Monday, October 25, 2010
We had a terrific rainstorm last night and the river has leapt to an extremely high flow. The average volume at Pohono Bridge is about 30 cfs for this week. Because of the good rains of early October, it's been flowing at about 100 cfs for the past week. Since yesterday the river has engorged to over 5700 cfs and is still rising by the minute! This is not quite flood stage, but is higher than it gets during most spring runoffs. It's too dark to go see it at the moment, but Yosemite Falls and all the other falls will have gone from trickles barely worth a photograph to gushing cataracts that'd make the newspapers in May. We've seldom seen such a tremendous surge overnight: from 100 to near 6000 cfs in a matter of hours.
Tioga Road was closed by snow on Saturday morning and remains closed today. Glacier Point Road is still open. This wasn't a cold storm, but it was forecast to deposit 1-2 feet of snow up high. We're a few weeks ahead of the average winter closing date for Tioga Road, but it may be closed for a spell to allow plowing and some melting.
Thursday, October 21, 2010
Fall foliage is looking good in Yosemite Valley now. The sugar maple (pictured) is like one very small glimpse of Vermont; an exotic species we especially cherish for 2-3 weeks a year. The native maples are bright yellow for the most part now. While it's been warm for the past couple of weeks, there was a tiny bit of frost on the lowest parts of Valley meadows a while back, so we could say that we're in Indian Summer. Black oaks are shelling Yosemite Village with a healthy acorn crop - a good time to be an Indian. Deer, pigeons, bears, woodpeckers, etc. are eating and/or storing lots of that mast now. Mule deer bucks have lost their velvet; a time for visitors to be cautious about approaching too closely with their eager photography.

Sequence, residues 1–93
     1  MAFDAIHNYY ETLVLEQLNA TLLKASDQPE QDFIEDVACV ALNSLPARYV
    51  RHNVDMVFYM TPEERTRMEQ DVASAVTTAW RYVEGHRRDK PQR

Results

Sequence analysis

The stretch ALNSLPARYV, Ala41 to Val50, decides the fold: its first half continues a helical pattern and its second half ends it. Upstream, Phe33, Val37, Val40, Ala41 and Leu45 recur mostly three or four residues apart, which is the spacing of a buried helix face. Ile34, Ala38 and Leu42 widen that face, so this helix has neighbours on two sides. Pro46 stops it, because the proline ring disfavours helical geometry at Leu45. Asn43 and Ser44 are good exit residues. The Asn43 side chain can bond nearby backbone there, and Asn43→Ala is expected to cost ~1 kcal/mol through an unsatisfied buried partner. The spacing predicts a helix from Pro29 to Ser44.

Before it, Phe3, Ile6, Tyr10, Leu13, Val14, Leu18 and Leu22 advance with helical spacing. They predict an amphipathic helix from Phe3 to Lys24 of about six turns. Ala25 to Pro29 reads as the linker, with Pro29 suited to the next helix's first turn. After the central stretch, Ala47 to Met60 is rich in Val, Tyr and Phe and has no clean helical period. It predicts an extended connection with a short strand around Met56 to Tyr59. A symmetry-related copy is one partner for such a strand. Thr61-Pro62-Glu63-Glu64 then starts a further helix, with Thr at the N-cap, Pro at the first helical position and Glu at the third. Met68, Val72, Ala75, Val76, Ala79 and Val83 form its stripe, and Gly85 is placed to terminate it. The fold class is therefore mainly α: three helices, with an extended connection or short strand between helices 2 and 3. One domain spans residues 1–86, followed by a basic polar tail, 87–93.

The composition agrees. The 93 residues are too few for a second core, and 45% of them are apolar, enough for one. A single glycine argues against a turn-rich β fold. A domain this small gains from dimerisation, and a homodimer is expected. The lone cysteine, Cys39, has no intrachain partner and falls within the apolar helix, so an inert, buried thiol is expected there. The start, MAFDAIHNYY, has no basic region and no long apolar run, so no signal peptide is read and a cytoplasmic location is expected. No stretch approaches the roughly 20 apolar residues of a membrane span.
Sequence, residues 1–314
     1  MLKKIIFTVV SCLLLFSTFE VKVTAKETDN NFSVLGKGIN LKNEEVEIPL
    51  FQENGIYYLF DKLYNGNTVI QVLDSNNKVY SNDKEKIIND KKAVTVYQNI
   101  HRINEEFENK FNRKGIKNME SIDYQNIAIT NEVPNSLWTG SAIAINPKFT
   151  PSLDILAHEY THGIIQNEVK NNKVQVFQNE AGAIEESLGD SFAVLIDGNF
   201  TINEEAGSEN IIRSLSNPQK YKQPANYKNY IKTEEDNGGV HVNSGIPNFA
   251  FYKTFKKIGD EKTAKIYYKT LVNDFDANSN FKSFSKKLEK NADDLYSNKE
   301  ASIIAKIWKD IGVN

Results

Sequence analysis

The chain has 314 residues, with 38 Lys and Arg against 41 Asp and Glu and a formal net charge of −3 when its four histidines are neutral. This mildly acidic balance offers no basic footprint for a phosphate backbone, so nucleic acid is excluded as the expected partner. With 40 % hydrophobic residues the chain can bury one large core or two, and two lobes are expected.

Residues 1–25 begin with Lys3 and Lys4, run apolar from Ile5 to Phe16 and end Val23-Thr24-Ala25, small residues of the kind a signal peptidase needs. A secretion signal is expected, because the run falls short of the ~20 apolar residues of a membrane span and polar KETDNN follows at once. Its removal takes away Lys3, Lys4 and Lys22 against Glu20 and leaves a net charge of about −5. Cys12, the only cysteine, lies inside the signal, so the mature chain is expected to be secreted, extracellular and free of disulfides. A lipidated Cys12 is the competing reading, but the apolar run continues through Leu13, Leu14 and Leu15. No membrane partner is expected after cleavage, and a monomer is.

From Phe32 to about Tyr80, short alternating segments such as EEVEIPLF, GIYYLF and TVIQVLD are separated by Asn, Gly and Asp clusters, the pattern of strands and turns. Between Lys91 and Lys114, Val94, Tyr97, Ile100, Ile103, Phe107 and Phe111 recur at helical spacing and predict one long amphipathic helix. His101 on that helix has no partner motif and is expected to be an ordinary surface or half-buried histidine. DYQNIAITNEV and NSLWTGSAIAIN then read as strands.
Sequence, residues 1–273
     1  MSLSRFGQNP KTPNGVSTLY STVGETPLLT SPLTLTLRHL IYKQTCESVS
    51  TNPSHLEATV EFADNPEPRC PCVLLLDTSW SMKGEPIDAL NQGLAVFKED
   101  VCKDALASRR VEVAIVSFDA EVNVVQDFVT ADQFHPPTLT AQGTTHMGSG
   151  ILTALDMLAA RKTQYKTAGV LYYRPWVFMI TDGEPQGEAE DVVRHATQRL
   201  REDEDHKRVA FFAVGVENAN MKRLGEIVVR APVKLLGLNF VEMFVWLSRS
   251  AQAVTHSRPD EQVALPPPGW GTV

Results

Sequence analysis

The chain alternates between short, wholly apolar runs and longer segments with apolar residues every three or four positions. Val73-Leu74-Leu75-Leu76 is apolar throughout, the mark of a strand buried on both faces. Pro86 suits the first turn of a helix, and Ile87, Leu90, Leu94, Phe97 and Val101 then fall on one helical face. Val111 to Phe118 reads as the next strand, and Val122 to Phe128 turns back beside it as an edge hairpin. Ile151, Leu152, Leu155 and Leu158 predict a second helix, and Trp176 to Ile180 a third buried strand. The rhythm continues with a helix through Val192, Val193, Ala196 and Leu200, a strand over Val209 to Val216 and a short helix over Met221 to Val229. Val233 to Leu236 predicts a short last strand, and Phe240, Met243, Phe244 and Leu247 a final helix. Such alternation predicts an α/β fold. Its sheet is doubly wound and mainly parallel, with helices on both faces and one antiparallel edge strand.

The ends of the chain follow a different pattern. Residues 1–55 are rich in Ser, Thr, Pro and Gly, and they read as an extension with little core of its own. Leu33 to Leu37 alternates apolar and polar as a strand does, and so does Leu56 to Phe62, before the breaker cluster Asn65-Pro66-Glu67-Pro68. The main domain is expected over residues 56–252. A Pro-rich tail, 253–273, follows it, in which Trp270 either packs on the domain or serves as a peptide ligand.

Monday, October 18, 2010
The sugar maple is peaking now, its bright blaze of surreal orange dominating that part of the old village like a column of flame. The native maples are getting brighter, too (the Fern Spring corner has a new, pale light now), though many are still entirely green. Oaks aren't yet very colorful; some are just browning. Cottonwoods are mostly still green along the river; even up higher, the aspen are just begining to color. Dogbane is one of the brightest natives in the Valley now.
I made a trip up Illilouette Gorge to the base of the waterfall yesterday; a bouldery scramble. Don't try this unless you're up for considerable steep clambering. Some light rain slicked the rocks a bit, but it was nice to be out where no one else was, across the canyon from the busy Mist/Muir Trail. Sagebrush, Brickellia, and plenty of Douglas-fir. Band-tailed pigeons overhead, a canyon wren in the rocks. One primate looking at a waterfall.
Wednesday, October 13, 2010